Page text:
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The Importance of Teaching Slang to ESL Students

The Importance of Teaching Slang to ESL Students | ITTT | TEFL Blog

In January, I stood in front of a class of breakthrough English students at a university in Bogotá, Colombia. I’d never taught students in an ESL classroom before, but I was pretty confident having seven years of experience under my belt and a degree in literature. I was naive. I began the lesson with the class that my co-teacher had lent me for the first time. The objective of the lesson was to practice using past tense through storytelling; five minutes into it, I called on a student with his hand in the air. “ What up, My Nigga!” He said it and I almost lost all of my composure on the first day while I should have been thinking about building rapport.

This post was written by our TEFL certification graduate Terrell M. Please note that this blog post might not necessarily represent the beliefs or opinions of ITTT.

Tool for communication

Language is personal. We use it to convey everything from complex business ideas to telling our lovers how special they are. If you don’t provide learners with tools and lessons to communicate with native speakers about their own culture, you set them up to fail. This is why I believe that teaching slang and idioms are essential - because it’s irresponsible not to. Slang and idioms make up a substantial portion of the English language, and the information and context that they provide for new learners will undoubtedly help them to develop better relationships with native speakers and more robust outlooks on the culture of people who are different than them.

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Pronunciation peculiarities

I believe I come from a place of unique privilege as a descendant of the Africans who’ve lived in the US since it’s inception. I speak English natively; in fact, some would say that my midwest American pronunciation is the standard for American English itself. Still, I have a little cultural relationship with the people in Brittain who often write the texts that I use to teach. There is also a sizable gap between my own culture and my Anglo neighbors in the United States as has been established through centuries of segregation that continue to this day (Chicago Magazine, 2017). I often find myself expressing and understanding the concepts that allow me to perceive differences in my culture and others with words and phrases that you don’t find outlined in dictionaries. And these words do sometimes eventually end up in dictionaries.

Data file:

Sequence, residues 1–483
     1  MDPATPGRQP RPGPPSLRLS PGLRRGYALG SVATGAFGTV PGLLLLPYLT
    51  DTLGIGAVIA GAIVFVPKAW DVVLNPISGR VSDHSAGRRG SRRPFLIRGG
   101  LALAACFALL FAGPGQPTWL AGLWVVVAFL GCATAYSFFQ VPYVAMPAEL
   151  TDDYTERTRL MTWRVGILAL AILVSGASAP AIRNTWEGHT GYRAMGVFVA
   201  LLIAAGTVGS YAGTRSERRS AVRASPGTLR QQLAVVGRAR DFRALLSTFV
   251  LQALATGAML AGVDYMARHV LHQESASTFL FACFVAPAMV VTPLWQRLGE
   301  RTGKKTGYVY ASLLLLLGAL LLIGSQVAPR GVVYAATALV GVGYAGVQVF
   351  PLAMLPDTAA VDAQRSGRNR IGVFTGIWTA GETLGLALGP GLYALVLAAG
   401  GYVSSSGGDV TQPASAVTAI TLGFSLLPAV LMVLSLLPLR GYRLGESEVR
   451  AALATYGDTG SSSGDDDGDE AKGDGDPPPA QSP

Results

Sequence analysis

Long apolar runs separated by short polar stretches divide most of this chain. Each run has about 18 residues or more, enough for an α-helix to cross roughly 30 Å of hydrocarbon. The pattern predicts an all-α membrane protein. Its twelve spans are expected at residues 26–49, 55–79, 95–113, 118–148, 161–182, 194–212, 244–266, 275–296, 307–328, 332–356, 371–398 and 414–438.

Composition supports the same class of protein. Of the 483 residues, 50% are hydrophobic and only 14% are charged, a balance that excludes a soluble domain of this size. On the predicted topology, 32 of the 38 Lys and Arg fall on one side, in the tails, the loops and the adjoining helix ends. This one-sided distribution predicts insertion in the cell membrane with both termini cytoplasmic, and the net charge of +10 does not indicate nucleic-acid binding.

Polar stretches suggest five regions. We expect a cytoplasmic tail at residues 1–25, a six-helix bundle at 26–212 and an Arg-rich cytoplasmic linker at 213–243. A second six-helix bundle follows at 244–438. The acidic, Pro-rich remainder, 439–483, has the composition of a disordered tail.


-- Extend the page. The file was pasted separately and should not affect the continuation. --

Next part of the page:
two students and a teacher

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Advanced level of vocabulary

I believe that teaching these words and phrases provides a richness in the classroom that students often desire. People are learning the lyrics to their favorite songs in English but are still lost on the meaning because the words usually take on contemporary definitions. For example, Donald Glover’s popular song contains the lyrics, “stay woke”, a phrase that is in fact slang. The term was popularized on twitter among black people in the united states. It refers to the idea of being alert to systemic issues and injustices that oft befall minorities in the united states and around the world. The term itself calls the mind to more reflection on why such a phrase would become so popular and gives credit to the thought that people are working against their systemic oppression. When we don’t teach slang like this, we leave gaping holes in our curriculum that inevitably leave students unprepared to enter into a discourse on these topics simply because they haven’t learned or understood the terms used to define them.

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After finishing the lesson that day in January, I went to lunch with the student who’d asked the offensive question earlier. We spoke about what his ambitions and goals were as well as my own, getting to know each other more intimately and becoming comfortable with each other in an "outside of the classroom" setting. I was able to explain to him the controversy surrounding a statement like the one that he made and the cultural relevance of it all. He was an incredibly polite and bright student, and I’m hopeful about his future today even more so now that I’ve worked with him to develop more of a schema for learning and understanding some slang words and their place in the English language.

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